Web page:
Word Recall: Cognitive Performance Within Internet Surveys.

TitleWord Recall: Cognitive Performance Within Internet Surveys.
Publication TypeJournal Article
Year of Publication2015
AuthorsRunge, SK, Craig, BM, Jim, HS
JournalJMIR Ment Health
Date Published2015 Apr-Jun
ISSN Number2368-7959

BACKGROUND: The use of online surveys for data collection has increased exponentially, yet it is often unclear whether interview-based cognitive assessments (such as face-to-face or telephonic word recall tasks) can be adapted for use in application-based research settings.

OBJECTIVE: The objective of the current study was to compare and characterize the results of online word recall tasks to those of the Health and Retirement Study (HRS) and determine the feasibility and reliability of incorporating word recall tasks into application-based cognitive assessments.

METHODS: The results of the online immediate and delayed word recall assessment, included within the Women's Health and Valuation (WHV) study, were compared to the results of the immediate and delayed recall tasks of Waves 5-11 (2000-2012) of the HRS.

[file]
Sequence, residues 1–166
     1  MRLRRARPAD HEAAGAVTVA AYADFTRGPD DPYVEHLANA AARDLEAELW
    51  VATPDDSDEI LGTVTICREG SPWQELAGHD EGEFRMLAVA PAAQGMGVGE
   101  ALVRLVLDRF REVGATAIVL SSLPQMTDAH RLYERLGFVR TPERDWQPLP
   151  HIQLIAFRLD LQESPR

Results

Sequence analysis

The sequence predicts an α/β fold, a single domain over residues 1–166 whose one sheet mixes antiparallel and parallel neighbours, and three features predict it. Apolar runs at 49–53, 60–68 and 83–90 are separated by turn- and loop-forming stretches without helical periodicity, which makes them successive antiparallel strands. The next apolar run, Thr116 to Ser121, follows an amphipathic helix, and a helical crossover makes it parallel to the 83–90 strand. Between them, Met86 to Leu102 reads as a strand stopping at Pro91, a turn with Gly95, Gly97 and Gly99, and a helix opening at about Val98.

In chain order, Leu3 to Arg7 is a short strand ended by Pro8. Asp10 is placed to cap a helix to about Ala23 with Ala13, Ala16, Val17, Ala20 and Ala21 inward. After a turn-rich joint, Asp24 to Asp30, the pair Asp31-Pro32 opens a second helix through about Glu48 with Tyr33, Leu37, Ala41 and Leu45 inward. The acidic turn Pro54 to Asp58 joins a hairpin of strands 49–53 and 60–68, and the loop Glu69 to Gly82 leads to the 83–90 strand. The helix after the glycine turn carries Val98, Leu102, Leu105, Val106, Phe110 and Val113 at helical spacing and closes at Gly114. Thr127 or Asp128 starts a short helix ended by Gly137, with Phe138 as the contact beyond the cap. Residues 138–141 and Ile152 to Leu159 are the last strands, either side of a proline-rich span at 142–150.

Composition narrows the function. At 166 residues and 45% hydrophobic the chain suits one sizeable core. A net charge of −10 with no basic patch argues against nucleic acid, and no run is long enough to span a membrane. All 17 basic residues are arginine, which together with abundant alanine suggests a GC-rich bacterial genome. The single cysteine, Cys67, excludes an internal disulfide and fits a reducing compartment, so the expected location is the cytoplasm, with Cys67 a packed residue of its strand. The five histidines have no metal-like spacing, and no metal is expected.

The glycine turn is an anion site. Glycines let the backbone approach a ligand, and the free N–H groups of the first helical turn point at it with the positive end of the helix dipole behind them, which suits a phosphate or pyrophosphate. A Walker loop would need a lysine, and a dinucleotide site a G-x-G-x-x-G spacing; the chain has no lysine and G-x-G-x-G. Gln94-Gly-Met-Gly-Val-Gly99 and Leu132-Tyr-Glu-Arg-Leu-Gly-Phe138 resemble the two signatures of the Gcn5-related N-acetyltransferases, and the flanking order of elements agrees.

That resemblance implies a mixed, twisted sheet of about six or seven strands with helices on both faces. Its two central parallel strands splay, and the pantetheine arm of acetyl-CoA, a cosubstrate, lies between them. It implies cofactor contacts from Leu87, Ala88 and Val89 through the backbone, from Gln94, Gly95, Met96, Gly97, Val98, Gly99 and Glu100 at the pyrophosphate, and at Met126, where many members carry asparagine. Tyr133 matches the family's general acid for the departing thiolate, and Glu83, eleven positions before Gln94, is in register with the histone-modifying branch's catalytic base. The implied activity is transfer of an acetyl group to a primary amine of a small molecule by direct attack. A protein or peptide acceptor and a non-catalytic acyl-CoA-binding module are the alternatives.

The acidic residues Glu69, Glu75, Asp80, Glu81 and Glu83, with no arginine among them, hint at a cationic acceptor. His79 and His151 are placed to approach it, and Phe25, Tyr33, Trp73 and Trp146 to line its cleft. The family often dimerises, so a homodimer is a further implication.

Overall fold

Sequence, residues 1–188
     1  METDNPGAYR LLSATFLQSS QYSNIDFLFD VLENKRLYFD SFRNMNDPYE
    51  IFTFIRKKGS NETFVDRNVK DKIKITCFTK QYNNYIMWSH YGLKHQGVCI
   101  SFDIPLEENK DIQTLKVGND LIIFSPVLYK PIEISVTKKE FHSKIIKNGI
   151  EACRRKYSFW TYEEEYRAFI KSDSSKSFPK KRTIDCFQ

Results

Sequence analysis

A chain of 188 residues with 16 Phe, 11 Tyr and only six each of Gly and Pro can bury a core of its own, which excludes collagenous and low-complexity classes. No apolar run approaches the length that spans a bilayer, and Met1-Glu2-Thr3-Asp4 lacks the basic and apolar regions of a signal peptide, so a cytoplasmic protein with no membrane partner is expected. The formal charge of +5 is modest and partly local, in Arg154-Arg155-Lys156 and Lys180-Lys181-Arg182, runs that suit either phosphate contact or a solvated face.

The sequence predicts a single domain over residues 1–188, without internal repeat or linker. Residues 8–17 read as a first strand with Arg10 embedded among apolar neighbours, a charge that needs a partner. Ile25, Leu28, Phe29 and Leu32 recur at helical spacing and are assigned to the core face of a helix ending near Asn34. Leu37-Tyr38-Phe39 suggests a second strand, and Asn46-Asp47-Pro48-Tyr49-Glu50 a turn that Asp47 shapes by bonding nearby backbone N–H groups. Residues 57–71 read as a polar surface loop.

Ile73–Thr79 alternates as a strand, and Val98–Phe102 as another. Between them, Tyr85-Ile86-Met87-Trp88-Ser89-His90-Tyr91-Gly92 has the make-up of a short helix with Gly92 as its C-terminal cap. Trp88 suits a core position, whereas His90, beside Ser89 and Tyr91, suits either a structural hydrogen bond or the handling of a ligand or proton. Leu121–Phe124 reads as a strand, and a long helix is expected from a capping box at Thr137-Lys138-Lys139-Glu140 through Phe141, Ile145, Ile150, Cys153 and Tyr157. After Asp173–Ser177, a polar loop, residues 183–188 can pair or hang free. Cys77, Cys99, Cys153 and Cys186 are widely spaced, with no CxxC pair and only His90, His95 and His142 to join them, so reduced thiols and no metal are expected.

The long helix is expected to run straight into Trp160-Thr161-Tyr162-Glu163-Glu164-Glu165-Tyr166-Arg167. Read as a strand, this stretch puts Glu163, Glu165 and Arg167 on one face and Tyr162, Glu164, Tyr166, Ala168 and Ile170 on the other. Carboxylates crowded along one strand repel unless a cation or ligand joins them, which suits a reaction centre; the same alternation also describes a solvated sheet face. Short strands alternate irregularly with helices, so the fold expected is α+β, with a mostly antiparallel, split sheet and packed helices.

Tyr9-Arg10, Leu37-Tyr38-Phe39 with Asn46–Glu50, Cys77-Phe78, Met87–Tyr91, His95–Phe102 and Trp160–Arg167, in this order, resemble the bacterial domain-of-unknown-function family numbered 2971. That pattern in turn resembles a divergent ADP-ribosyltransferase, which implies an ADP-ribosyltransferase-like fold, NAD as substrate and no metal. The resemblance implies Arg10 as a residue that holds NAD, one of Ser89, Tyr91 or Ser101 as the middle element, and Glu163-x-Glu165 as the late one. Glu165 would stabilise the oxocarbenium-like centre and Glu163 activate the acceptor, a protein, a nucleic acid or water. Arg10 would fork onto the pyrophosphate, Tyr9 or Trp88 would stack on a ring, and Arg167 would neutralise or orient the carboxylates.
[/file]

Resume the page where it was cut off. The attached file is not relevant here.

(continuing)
RESULTS: Performance on the WHV immediate and delayed tasks demonstrated strong concordance with performance on the HRS tasks (ρc=.79, 95% CI 0.67-0.91), despite significant differences between study populations (P<.001) and study design. Sociodemographic characteristics and self-reported memory demonstrated similar relationships with performance on both the HRS and WHV tasks.

CONCLUSIONS: The key finding of this study is that the HRS word recall tasks performed similarly when used as an online cognitive assessment in the WHV. Online administration of cognitive tests, which has the potential to significantly reduce participant and administrative burden, should be considered in future research studies and health assessments.

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Endnote Keywords

cognition/online surveys/episodic memory/Health and Retirement Study/Women s Health Valuation Study

Endnote ID


Alternate JournalJMIR Ment Health
Citation Key8223
PubMed ID26543924
PubMed Central IDPMC4607399